cence (which was visible through the the ordinary for zircon.
coating), typical of a freshwater ori- When first taken out of the dark
gin. This was confirmed by LA-ICP- environment, the stones were orange.


temperatures if the stones are exposed
to light. . . . In some cases the colour
becomes pale. . . . Such altered stones,
if kept in darkness, will recover their
original colour. . . .” Interestingly, sev-
eral other references gave fairly simi-
lar descriptions of this phenomenon,
but it was never referred to as tene-
brescence—even though it fits the
definition. Likewise, a Fall 1986 Lab
Note (pp. 188–189) documented
reversible color-change in a blue zir-
con, which changed to an undesirable
grayish brown with exposure to long-
wave UV radiation.
Figure 18. This 1.80 ct tenebrescent zircon is shown just after it was Several online retailers are selling
taken out of the dark (left), and after exposure to a fiber-optic light for this material as tenebrescent zircon.
several minutes (right). The stones are reported to be from
Tanzania, Australia, Cambodia, or
Nigeria; one site says it was found 10
Placed under a standard 13.3 watt color of these zircons with short-wave
years ago. It remains unclear whether
incandescent desk lamp, they faded UV were unsuccessful. We also tried
any of this information is reliable,
within a couple of minutes to a light, low heat without success, but this
but one thing is certain: tenebrescent
slightly pinkish brown. The color did may be because the samples were not
zircon exists, and it is a wonder that
not appear to change any further under heated enough; they were not heated
this interesting material has been so
indirect office lighting. Additional further out of concern for potential
little reported in the contemporary
exposure to a 150-watt fiber-optic light damage.
for approximately one minute caused A search of the literature by GIA’s
Shane F. McClure
them to fade to pale pinkish brown. Richard T. Liddicoat Library and
Longer exposure to the fiber-optic light Information Center found no men-
did not cause any more fading. After tion of “tenebrescent” zircon,
being stored in the dark overnight, the although several books described zir-
Sood Oil (Judy) Chia—1; Paul Johnson—2
stones returned to their original color. cons with such behavior. The oldest
and 5; Jian Xin (Jae) Liao—3 and 15;
We repeated this process several times reference found was in Max Bauer’s Sally Eaton-Magaña—6; David Nelson—7;
with the same results. Precious Stones (1904), which noted: C. D. Mengason—8 and 18; Robison
Some tenebrescent stones change “Zircon—The colour and luster of McMurtry—11, 13, and 14; Nathan
back to their original color by expo- some hyacinths [probably referring to Renfro—12; JaeWon Chang—16.
sure to short-wave UV radiation or brownish or pinkish orange material]
heat. Attempts to restore the orange is liable to change even at ordinary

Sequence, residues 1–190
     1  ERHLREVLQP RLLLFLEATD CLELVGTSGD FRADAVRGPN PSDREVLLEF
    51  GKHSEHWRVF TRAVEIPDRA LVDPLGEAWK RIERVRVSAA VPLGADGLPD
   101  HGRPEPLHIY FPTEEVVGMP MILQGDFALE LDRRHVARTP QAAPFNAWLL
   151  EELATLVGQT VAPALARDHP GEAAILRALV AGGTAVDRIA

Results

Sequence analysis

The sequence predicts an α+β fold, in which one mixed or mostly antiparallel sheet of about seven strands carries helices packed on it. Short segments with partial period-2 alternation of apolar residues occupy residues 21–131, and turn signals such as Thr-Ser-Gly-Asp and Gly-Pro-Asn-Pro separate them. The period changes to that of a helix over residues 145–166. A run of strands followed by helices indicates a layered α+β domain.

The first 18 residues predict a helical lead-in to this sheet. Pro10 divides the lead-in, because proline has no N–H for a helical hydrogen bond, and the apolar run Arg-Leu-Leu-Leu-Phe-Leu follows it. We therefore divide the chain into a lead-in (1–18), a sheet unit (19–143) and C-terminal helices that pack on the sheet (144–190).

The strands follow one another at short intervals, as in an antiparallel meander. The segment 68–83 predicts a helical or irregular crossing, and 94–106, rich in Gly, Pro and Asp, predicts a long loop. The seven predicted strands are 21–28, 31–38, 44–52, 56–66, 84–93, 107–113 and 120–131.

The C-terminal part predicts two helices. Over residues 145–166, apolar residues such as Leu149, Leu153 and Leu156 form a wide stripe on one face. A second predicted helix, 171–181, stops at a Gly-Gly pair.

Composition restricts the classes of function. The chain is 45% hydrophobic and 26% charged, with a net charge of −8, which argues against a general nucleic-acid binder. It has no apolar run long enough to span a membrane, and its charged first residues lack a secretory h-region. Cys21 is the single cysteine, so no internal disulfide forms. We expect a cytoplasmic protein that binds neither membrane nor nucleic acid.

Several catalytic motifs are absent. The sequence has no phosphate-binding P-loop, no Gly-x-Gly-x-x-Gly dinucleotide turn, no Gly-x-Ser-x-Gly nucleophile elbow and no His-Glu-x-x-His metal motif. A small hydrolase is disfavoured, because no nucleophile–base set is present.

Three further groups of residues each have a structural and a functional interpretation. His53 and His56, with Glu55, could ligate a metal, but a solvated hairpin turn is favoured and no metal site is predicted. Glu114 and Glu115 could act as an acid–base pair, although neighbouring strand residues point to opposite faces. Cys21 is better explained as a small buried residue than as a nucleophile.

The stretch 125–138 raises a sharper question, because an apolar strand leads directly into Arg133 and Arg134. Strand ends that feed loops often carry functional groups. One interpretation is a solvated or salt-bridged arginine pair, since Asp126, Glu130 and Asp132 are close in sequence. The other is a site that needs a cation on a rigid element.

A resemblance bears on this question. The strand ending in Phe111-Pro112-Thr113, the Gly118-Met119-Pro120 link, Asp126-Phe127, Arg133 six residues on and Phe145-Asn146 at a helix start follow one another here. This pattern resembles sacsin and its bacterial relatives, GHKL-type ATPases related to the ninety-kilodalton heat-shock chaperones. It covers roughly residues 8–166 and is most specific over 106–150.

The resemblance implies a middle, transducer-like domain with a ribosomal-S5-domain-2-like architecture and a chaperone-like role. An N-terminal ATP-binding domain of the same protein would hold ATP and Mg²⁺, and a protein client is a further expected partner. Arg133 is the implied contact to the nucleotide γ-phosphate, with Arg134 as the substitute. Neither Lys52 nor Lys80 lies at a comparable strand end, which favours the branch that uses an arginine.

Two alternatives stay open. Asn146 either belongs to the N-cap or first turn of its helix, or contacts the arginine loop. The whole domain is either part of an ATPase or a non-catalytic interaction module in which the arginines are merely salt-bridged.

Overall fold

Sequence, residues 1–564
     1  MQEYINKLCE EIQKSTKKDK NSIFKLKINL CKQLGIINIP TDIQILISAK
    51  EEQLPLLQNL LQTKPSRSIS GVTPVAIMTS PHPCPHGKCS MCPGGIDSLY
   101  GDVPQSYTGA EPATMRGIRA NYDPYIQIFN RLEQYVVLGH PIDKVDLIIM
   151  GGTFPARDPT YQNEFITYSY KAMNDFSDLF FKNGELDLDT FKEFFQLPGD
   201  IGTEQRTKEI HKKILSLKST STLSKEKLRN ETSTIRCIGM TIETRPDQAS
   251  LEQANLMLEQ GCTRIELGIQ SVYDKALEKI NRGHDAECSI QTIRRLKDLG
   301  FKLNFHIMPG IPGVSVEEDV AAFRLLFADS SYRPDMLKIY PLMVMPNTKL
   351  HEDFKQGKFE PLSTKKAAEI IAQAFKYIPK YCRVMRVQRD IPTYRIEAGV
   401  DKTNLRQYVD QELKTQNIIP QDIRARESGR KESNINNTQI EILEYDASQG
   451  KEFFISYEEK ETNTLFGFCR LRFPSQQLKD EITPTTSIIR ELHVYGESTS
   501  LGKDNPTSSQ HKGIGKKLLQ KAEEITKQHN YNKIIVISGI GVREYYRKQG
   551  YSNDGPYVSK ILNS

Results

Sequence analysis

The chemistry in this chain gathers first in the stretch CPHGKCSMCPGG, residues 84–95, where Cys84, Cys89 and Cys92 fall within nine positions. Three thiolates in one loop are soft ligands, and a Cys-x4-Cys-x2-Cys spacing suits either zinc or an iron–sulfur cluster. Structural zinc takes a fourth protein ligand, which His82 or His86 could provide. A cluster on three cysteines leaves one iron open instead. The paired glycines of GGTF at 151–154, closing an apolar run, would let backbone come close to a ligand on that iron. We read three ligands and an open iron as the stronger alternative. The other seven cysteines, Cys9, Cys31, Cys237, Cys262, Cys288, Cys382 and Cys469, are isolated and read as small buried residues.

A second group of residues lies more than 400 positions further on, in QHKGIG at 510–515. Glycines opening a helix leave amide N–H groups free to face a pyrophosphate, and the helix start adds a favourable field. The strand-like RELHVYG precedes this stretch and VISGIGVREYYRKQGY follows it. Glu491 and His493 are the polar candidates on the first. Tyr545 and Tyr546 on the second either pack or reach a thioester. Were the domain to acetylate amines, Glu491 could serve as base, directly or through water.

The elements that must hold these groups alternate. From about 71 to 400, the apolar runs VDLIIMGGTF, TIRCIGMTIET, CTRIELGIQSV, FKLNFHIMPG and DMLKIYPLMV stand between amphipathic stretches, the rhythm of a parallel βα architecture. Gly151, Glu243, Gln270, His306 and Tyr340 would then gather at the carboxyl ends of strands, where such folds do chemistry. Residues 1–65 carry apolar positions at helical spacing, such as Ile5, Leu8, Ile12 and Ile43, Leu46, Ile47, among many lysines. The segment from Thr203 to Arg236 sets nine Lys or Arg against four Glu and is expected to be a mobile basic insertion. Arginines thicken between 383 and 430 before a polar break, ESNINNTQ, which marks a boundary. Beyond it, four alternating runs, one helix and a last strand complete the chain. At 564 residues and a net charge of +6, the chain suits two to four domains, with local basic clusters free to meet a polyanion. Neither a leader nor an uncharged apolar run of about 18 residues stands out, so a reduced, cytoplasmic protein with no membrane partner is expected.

For online access to all issues of GEMS & GEMOLOGY from 1981 to the present, visit:


Brendan M. Laurs (

Contributing Editors
Emmanuel Fritsch, CNRS, Team 6502, Institut des Matériaux Jean Rouxel (IMN), University of Nantes, France (
Michael S. Krzemnicki, Swiss Gemmological Institute SSEF, Basel, Switzerland (
Franck Notari, GGTL GemLab–GemTechLab, Geneva, Switzerland (
Kenneth Scarratt, GIA, Bangkok, Thailand (


Chondrodite from Mahenge, Tanzania. At the 2011
Tucson gem shows, Dudley Blauwet (Dudley Blauwet
Gems, Louisville, Colorado) showed GIA some samples of
chondrodite that were found near Mahenge, Tanzania, in
early 2010. Chondrodite, (Mg,Fe2+)5(SiO4)2(F,OH)2, is a fair-
ly rare monoclinic silicate mineral that typically occurs
as small grains ranging from yellow to red and brown;
well-formed crystals and gem-quality material are rare.
Faceted chondrodite was previously reported from
Tanzania, though from a different locality, Sumbawanga
(see Winter 2007 Gem News International [GNI], pp.
Mr. Blauwet was aware of ~100 g of rough material
being produced at Mahenge, which consisted of small Figure 1. These chondrodites (left, 0.34 ct) are from
waterworn pebbles and larger broken fragments. He Mahenge, Tanzania. Photo by Robert Weldon.
bought a few small samples in 2010, and the cut stones
from this parcel yielded 121 pieces totaling 19.06 carats.
Later, during the 2011 Tucson shows, he purchased about
50 g of clean rough. This parcel produced 99 cut stones troscope. Inclusions consisted of numerous transparent
totaling 55.57 carats. It included five gems weighing >1.5 reflective particles and fine oriented short needles, some
ct; the largest one was ~2.0 ct. appearing rusty orange. Compared to the Sumbawanga
Gemological examination by GIA in Tucson yielded chondrodite, the Mahenge material had a slightly higher
the following properties from a 0.34 ct faceted sample (fig- RI, but the same birefringence. The needle-like inclusions
ure 1, left): RI—nα= 1.594, nβ = 1.602, nγ = 1.621; birefrin- were not seen in the Sumbawanga material.
gence—0.027; optic character—biaxial positive; pleochro- Mr. Blauwet reported that, to his knowledge, no addi-
ism—weak yellow to near colorless; UV fluorescence— tional gem-quality chondrodite has been produced from
inert to long-wave, and slightly chalky yellow to short- Mahenge since 2010.